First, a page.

I’ve been watching the Woodstock movie again. I have watched it several times over the years and every time I see it, or another documentary about the late ‘60s, I ask “What happened?” What happened to the ideology, the naiveté, the good music? Why didn’t this peace and love thing catch on?
Many people say it was the drugs. I don’t think so. The drug thing was just a side show, a distraction. That is not why so many people turned from the ideals of peace and love and helping one another to materialism and distrust. I believe that most people of the Woodstock generation didn’t really want to change the world; they were just there to party. When the party was over, they started building houses that were three times as big as their parents. The average new house today is more than three times the size of the average house built in the 1950’s and ‘60s. They eventually returned to the materialistic lifestyle they learned from the previous generation.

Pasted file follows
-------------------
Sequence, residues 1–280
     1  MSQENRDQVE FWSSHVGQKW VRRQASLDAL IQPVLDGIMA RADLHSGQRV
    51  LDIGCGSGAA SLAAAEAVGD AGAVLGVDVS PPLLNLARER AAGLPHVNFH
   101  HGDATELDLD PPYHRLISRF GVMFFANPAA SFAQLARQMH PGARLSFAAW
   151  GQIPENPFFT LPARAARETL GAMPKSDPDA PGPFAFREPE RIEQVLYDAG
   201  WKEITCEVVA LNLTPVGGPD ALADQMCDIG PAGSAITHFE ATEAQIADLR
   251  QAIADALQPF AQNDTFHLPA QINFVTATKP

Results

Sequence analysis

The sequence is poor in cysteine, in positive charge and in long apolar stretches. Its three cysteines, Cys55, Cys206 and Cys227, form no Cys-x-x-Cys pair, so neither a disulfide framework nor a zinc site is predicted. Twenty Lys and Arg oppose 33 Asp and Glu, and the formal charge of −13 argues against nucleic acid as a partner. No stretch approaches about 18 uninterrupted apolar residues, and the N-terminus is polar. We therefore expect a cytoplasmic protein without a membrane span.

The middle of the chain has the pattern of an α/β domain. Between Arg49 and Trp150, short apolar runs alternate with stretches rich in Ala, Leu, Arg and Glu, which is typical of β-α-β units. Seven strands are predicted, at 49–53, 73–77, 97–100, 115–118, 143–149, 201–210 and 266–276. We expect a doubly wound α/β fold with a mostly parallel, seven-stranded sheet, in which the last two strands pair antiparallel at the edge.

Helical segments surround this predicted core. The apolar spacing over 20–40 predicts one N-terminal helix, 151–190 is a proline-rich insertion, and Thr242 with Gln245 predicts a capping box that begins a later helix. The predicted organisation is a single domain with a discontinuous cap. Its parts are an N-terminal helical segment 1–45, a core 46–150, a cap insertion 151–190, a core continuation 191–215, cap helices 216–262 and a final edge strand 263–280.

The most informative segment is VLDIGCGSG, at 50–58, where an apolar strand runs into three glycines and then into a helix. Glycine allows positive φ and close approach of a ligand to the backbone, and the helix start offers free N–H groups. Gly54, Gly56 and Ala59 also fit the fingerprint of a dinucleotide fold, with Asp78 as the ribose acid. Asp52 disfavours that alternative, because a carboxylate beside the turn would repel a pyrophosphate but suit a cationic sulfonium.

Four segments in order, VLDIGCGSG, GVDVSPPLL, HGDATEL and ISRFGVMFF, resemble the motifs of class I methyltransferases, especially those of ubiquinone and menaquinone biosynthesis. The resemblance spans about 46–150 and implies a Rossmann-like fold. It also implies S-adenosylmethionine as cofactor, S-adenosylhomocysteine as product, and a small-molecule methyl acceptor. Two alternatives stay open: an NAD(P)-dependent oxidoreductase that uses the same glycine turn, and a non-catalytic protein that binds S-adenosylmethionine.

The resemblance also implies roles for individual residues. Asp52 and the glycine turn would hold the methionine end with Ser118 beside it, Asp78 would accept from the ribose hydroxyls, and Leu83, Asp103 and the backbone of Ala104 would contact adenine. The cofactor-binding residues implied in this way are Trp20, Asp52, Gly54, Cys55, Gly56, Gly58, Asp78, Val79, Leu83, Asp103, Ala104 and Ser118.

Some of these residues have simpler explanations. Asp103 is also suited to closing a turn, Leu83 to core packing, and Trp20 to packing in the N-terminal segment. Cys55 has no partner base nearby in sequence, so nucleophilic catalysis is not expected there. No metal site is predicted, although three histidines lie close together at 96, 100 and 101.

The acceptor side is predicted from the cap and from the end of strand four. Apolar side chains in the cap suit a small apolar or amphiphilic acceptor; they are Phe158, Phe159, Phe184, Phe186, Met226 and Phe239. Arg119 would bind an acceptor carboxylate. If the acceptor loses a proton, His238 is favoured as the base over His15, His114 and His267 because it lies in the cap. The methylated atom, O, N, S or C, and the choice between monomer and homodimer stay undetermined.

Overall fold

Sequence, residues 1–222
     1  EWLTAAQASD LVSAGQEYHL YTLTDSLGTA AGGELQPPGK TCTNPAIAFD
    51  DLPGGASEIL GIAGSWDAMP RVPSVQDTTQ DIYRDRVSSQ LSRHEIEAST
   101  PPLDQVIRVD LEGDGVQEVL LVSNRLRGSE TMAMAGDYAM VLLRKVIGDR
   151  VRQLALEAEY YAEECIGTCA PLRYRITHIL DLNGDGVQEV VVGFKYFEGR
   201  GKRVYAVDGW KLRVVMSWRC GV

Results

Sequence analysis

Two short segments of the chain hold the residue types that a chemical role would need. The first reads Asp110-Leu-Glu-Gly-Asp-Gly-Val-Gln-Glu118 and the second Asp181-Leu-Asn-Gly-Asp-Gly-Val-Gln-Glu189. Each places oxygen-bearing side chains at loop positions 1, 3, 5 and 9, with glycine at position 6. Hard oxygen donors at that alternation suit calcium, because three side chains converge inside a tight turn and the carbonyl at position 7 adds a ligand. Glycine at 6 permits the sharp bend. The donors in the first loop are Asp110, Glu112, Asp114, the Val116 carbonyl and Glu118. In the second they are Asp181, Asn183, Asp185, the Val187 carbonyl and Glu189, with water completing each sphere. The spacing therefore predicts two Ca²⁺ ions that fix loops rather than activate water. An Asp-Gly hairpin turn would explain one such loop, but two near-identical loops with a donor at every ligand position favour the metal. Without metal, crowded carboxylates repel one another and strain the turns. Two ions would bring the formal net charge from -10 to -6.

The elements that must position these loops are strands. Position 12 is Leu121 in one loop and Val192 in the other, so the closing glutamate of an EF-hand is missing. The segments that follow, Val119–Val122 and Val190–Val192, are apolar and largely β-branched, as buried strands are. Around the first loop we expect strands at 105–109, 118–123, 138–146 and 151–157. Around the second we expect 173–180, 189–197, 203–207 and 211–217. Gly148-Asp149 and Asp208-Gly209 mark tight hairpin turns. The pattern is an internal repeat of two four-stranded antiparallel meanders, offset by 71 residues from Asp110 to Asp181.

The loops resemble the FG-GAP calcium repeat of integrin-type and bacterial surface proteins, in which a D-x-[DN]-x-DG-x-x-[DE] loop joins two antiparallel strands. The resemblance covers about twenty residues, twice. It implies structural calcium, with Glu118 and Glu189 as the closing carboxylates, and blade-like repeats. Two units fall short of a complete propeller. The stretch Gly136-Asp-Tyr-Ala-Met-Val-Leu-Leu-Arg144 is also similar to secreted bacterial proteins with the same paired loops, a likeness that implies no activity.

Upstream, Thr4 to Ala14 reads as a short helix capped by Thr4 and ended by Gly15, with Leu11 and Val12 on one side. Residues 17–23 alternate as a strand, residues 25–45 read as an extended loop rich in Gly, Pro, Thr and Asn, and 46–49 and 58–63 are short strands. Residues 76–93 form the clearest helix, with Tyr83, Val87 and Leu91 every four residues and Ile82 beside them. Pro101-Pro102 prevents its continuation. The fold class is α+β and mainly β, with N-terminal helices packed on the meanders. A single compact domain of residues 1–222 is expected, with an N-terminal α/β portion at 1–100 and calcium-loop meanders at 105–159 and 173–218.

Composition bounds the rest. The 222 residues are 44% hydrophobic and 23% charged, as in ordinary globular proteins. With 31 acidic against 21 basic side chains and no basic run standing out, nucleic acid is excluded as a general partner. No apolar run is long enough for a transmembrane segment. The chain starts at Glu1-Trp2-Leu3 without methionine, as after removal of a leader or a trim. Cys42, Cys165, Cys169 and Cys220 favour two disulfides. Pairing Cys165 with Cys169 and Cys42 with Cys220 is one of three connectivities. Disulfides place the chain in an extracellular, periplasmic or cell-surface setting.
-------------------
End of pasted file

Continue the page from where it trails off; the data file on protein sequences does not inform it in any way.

For some of us, we found the true source, faith in Jesus Christ. Often the traditional church was slow to accept these folks who had little regard for stained glass and 19th century hymns, so they started their own churches. The Bible lists the whole list of ideals in Galatians 5: “love, joy, peace, patience, kindness, goodness, faithfulness, gentleness and self-control.” That is it. That is how you identify a follower of Christ. Except for maybe the self-control part, that pretty much describes the hippies of 50 years ago.
I have often thought about what Jesus would have said and done had he walked on earth during that time. That is the subject of my book, “Jesus of Kansas.” It is available as a free download at JesusOfKansas.com. Check it out.